A few days ago, I blogged about a bad day for gays marriage. Today came a moment of sharp clarity that the tide is turning — one parent, coworker at at time.
"I just could not bring myself to tell an entire group of our community they were less important, less worthy or less deserving of the rights and responsibilities of marriage than anyone else, simply because of their sexual orientation."
"Two years ago I believed that civil unions were a fair alternative … those beliefs, in my case, have changed. The concet of a separate but equal institution is not something I can support."
"I want for them the same thing that we all want for our loved ones. For each of them to find a mate, whom they love deeply and who loves them back. Someone who they can grow old together and share life's experiences."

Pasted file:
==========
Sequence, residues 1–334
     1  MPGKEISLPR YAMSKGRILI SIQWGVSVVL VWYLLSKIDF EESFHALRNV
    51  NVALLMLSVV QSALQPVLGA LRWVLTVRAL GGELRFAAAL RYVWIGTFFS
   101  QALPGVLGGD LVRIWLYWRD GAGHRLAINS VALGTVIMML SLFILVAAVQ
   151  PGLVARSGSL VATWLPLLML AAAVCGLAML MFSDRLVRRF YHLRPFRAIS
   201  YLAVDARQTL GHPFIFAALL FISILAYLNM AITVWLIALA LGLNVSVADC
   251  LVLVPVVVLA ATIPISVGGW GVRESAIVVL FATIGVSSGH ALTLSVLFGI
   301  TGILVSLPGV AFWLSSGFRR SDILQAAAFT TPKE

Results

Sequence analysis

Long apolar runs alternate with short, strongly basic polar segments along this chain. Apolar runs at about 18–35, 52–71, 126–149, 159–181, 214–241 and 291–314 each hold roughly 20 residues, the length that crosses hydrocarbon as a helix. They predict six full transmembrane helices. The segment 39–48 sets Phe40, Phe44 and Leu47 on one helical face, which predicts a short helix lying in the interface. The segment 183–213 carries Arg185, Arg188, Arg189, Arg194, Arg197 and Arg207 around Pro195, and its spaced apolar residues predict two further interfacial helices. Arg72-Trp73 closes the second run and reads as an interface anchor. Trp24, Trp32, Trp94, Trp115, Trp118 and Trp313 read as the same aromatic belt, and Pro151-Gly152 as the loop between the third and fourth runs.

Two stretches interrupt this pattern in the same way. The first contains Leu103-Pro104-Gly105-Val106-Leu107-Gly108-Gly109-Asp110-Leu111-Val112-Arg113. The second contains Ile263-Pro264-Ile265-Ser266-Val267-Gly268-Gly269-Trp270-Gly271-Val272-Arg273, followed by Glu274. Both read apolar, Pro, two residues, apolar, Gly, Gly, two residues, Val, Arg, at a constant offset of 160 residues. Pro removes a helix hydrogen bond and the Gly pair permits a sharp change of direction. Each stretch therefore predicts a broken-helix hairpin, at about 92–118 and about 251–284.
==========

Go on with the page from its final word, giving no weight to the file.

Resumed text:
It's something we've likely all seen. I know this is how it was with my own family. Parents who once awkwardly informed me that the couldn't support gay marriage now won't support a conservative candidate who campaigns against gays and lesbians. It absolutely has everything to do with the real life experience of knowing gays and lesbians, but it goes beyond that. I don't think my mother would have changed her view point on gay marriage specifically if it wasn't for her relationship with my partner, Shane. It takes more than just the knowledge that we're gay. They have to see our lives in practice, including both how similar our lives mirror their own and in the unnecessary struggles that we face because we're gay and lesbian.